With the official stable release of Android Studio v1.3 a couple of weeks ago, it's time to begin testing the next string of new features. The first preview release of version 1.4 is now in the Canary channel, and it's sporting some big new features. The Android Tools team has been working on the new theme editor first demonstrated in the I/O session titled What's New in Android Development Tools.
Android offers developers a great deal of freedom to experiment with apps and come up with (maybe) the next big thing. Now Google has launched a website where it plans to show off some of the most interesting projects on Android. It's called Android Experiments and there are already 20 apps and demos to check out.
We haven't heard a lot about Project Tango lately, but Google is still working with developers to advance this take on machine vision and sensing technology. As part of its ongoing efforts, the Tango development kit is finally being made available outside the US. It's out today in Canada and South Korea, and will come to ten more countries later this month.
Game developers have a new player in the game engine market, and it's one most of them already know quite well: Autodesk. At GDC Europe, the software company behind some of the most popular 3D modeling tools in the industry – 3ds Max and Maya – has announced the Stingray game engine to compete with the likes of Unreal, Unity 3d, and others. Alongside Autodesk's other design tools, it offers a seamless solution for game developers and designers to rapidly prototype and build high performance, cross-platform games.
Stingray is based on the Bitsquid game engine acquired by Autodesk last year. It supports testing and deployment to Android, iOS, Windows 7 and 8, Oculus Rift DevKit 2, PS4, and Xbox One.
A discussion on Google+ started yesterday by Yahooer (and former Nexus device maintainer) JBQ about modified firmware and app bug/crash reports has started something of a debate: should developers actually heed crash and other logs from users with things such as modified frameworks, or even custom ROMs?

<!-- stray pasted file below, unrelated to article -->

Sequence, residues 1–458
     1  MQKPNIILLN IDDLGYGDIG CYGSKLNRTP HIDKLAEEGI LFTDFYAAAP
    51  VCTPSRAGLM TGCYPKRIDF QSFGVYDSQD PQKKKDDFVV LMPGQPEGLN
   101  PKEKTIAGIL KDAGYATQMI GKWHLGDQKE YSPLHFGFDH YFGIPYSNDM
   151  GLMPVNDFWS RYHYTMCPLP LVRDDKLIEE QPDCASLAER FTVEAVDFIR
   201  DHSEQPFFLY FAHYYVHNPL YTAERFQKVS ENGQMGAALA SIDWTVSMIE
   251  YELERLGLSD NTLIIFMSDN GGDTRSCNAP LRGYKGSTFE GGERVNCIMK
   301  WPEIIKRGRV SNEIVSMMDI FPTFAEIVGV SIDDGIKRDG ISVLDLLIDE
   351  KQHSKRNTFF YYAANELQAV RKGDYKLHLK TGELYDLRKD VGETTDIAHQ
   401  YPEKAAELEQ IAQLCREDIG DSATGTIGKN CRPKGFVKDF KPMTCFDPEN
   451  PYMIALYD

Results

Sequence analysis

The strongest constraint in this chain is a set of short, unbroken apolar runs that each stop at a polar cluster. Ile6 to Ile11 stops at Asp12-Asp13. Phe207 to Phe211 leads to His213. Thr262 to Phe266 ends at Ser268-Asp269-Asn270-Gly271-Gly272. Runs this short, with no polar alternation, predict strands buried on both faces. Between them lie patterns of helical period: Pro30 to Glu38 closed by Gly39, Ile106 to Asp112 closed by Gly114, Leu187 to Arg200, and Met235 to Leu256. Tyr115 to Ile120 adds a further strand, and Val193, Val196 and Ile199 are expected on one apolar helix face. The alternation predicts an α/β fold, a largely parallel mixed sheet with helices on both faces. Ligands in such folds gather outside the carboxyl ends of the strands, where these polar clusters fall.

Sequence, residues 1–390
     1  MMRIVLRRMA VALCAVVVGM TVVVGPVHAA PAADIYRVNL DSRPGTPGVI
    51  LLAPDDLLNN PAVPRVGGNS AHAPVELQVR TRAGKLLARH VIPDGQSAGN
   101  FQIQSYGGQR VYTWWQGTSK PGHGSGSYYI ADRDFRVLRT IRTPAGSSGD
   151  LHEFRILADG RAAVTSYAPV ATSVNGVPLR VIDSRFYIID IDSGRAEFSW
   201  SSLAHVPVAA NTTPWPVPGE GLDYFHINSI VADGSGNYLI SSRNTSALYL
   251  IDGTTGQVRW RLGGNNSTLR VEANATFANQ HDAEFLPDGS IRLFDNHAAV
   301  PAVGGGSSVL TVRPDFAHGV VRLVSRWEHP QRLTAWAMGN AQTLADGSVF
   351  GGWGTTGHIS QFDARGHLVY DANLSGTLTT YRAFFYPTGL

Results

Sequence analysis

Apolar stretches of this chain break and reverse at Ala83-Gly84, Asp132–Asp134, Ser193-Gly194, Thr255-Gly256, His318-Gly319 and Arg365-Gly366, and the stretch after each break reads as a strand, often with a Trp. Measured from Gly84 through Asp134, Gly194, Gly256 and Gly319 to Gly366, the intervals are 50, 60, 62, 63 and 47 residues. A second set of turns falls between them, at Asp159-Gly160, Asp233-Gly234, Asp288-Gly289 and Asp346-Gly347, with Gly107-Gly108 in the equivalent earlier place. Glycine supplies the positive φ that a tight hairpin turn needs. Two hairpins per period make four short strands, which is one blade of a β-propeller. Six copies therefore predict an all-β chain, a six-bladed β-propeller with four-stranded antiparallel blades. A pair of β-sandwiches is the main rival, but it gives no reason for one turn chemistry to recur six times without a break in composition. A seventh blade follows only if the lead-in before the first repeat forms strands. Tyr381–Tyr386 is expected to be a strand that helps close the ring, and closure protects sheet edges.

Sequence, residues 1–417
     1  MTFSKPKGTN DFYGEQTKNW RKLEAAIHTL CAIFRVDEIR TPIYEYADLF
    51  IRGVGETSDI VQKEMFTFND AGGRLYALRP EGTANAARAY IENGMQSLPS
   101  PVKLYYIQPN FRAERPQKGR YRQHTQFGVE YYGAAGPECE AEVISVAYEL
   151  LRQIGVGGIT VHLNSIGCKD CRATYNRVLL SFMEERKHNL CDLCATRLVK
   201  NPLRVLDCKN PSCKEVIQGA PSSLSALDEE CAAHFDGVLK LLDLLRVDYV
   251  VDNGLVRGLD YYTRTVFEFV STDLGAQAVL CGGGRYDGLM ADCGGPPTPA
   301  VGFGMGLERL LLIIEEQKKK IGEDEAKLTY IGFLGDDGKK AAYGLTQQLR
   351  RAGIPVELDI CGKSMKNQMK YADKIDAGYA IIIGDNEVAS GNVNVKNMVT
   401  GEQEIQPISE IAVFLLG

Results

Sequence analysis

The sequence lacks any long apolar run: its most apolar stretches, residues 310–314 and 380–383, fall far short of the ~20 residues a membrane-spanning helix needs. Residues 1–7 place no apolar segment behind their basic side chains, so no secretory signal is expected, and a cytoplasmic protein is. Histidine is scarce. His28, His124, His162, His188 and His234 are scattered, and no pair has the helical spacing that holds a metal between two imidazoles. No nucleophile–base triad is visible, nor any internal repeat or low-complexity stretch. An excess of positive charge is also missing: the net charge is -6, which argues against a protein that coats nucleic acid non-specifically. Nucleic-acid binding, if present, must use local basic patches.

On the extreme end of the spectrum, the popular Xposed module allows you to heavily modify the behavior, appearance, and other aspects of the Android OS. It also unabashedly is a source of compatibility issues in some third-party apps, because it can change, add, or remove things that third-party apps simply aren't going to account for.
Until now, the Play Store beta testing system was tied to Google+ communities or Google Groups, but that's changing now. Google is rolling out two new options for developers to run beta tests that don't rely on Google+.
Microsoft surprised Android developers last year with the launch of a brand new emulator designed for performance and features that aren't available anywhere else. While the initial Preview release only included an image for KitKat, subsequent updates introduced an expanded set of emulator images and some valuable new features. While a high-speed emulator is certainly compelling, many developers still didn't adopt it because it had to be downloaded and installed alongside a very large Visual Studio package, not to mention it was also frustrating to set up for use with other IDEs. Last week, Microsoft unburdened the emulator and released it as a standalone download along with step-by-step instructions to set it up to easily run with Android Studio and Eclipse with ADT.
Razer, PC gaming accessory maker and recent Android TV also-ran, bought Ouya. That left a lot of people hanging, and not just Ouya employees or customers. Those Android game developers who had taken the company up on its "Free The Games" funding offer for extra development money in exchange for timed exclusivity to the Ouya platform, and who hadn't yet been paid, got stung by a "bankruptcy or buyout" clause in the contract. Since Ouya was bought by an outside company, the matching funds from the original deal no longer have to be provided.